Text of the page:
Using a tile saw for accurate cutting
- Place the tile saw on a level and sturdy surface, preferably on a heavy table or directly on the floor.
- Make all the connections to the saw, e.g. water intake, water output, and electricity.
- Place a bucket beneath the saw for the wastewater. The bucket must be placed lower than the tile saw.
- Make a drip loop in the power cord leading from the saw to the outlet. The drip loop is necessary so no water drips into the power outlet. To ensure that, the drip loop needs to be lower than both the saw and the outlet.
- Turn on the water supply to the saw. Ensure that the water flow isn’t too fast: you don’t want it to splash outside the drain tray.
- Make sure that the water is flowing all around the cutting end of the blade. Don’t begin cutting until you achieve proper water flow.
- Mark the area on the tile that needs to be cut with a pencil.
- Place the tile onto the cutting table. Make the necessary adjustments to the fence so that the blade is aligned with the pencil mark.
If you need it (and if your tile saw allows that), adjust the working surface to the desired angle.
- Turn the tile saw’s power on. Make sure that:
- Your hands are dry.
- Your other hand is out of the blade’s path.
- The blade isn’t touching anything.
- Holding the tile steadily, slowly feed it into the blade. Don’t force the tile into the blade: instead, allow it to move forward naturally.
- After the cut is done, carefully pull the cut pieces apart and away from the blade.
- Turn off the tile saw. If you will be cutting another tile, repeat from step 7. Otherwise, proceed on to the cleaning the saw.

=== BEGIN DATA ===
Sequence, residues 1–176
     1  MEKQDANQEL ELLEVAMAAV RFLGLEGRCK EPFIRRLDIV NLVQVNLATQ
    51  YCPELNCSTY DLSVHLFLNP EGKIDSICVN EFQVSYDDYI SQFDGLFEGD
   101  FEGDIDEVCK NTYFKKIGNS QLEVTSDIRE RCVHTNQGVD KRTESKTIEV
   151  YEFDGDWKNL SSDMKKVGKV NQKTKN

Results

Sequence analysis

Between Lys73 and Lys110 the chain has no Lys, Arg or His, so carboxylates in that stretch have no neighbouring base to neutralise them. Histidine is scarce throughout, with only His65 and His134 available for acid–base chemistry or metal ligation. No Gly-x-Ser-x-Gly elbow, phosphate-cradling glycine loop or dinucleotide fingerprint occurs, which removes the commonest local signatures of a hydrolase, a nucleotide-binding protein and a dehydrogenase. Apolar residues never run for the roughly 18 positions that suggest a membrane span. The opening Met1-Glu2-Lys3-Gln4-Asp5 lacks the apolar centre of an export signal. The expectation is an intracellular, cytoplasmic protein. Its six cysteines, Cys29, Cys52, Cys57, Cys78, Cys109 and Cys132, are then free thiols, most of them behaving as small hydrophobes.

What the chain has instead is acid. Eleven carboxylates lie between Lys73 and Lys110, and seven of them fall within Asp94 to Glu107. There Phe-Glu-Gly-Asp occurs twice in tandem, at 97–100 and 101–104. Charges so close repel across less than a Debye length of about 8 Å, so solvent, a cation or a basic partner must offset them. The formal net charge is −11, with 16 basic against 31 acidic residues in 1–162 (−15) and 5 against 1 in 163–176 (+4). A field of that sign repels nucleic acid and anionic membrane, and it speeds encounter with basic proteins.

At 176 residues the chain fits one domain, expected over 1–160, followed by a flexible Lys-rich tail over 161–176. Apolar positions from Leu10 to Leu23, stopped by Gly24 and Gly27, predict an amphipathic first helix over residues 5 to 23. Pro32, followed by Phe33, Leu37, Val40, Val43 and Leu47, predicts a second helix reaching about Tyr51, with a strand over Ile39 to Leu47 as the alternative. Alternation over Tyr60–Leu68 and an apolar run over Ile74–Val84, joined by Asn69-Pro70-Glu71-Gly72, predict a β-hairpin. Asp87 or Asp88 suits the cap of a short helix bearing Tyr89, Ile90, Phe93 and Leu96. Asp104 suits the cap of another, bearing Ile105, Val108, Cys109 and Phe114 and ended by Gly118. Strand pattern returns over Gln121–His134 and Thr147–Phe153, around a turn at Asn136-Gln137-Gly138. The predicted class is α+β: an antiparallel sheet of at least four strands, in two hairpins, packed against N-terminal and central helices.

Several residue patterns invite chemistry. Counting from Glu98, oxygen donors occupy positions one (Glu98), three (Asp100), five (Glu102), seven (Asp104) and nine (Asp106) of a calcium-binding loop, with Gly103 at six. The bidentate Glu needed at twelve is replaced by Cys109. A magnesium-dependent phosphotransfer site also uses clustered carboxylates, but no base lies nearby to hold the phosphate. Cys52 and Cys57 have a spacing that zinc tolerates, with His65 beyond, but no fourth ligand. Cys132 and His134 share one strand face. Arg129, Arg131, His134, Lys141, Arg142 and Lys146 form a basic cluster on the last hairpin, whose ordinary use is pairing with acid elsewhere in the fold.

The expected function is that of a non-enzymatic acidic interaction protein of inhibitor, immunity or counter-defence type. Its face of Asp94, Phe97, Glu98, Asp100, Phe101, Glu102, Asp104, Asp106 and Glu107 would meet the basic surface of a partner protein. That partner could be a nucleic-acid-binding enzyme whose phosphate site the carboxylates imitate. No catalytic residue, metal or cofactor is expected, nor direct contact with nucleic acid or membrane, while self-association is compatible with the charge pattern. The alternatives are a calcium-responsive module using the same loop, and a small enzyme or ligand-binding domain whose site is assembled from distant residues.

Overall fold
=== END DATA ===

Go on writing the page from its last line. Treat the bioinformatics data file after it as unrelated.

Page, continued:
Tile saw maintenance
Clean the blades after each use. After unplugging your tile saw, don’t just tuck it away until next use. Remove the blade and give it a good wipe with a soft cloth or a sponge to remove any sediment off.
In case the sediment doesn’t come off easily, you could use a plastic scraper to scrub it off. Particularly tough stains may require you to use dish detergent or rubbing alcohol.
After you remove any sediment from the blade, also make sure to wipe off the cleaning agents you used.
Sharpen the blades. Aside from regular cleaning, you may want to sharpen the blades every once in a while.
To do that, use an abrasive material like a soft brick, a cinder block, or a specialized dressing block. You’ll be sawing this material with the blade. Running the chosen material back and forth through the blade, you’ll sharpen it.
Adjust the blade height so that only its rim sinks into the material. After doing several cuts, turn off the saw and run your thumb over the surface to check its roughness.
If you want more, then just repeat the process again until you get the desired results.
Prevent rust. Rust is one of the greatest enemies of tile saw blades, especially given that the blade comes in contact with water during work. To prevent rust buildup, you would need to wipe the blade dry after each use and also keep it in a dry environment.
If there are no such storage places in your home, then you may opt for an air dehumidifier. You could also apply preventative coatings to the blade like WD-40 or mineral spirits.
If you nonetheless find rust on the saw blades, you could still remove it. To do so, you would need to soak the blades into a mild acid like WD-40 or vinegar.
In the end, don’t forget to remove whatever cleaning agent you were using from the blade.
Replace the blades when needed. Even the best tile saw blade in the world will eventually wear out, leaving you no other choice than to replace it.
An easy way to know if it’s time to replace the blade is to look at how it sharpens. If the blade doesn’t get well after sharpening, then it is probably the time to get a new blade.
Obvious signs of wear and tear on the blade would also indicate that it is worn out beyond repair.
So while you can’t prevent the blade from wearing, you can prolong its lifetime. To do that, just clean the blade after each use and sharpen it when necessary.
There you have our tile saw review!
In spite of having some downsides, each of the examined tile saws is great in its own way. None of them is perfect, but some may be better for you than the others.
In the end, if you found what you were looking for, maybe you shouldn’t hesitate and go get it. Don’t forget to do the research though since buying the wrong tile saw could be an expensive mistake!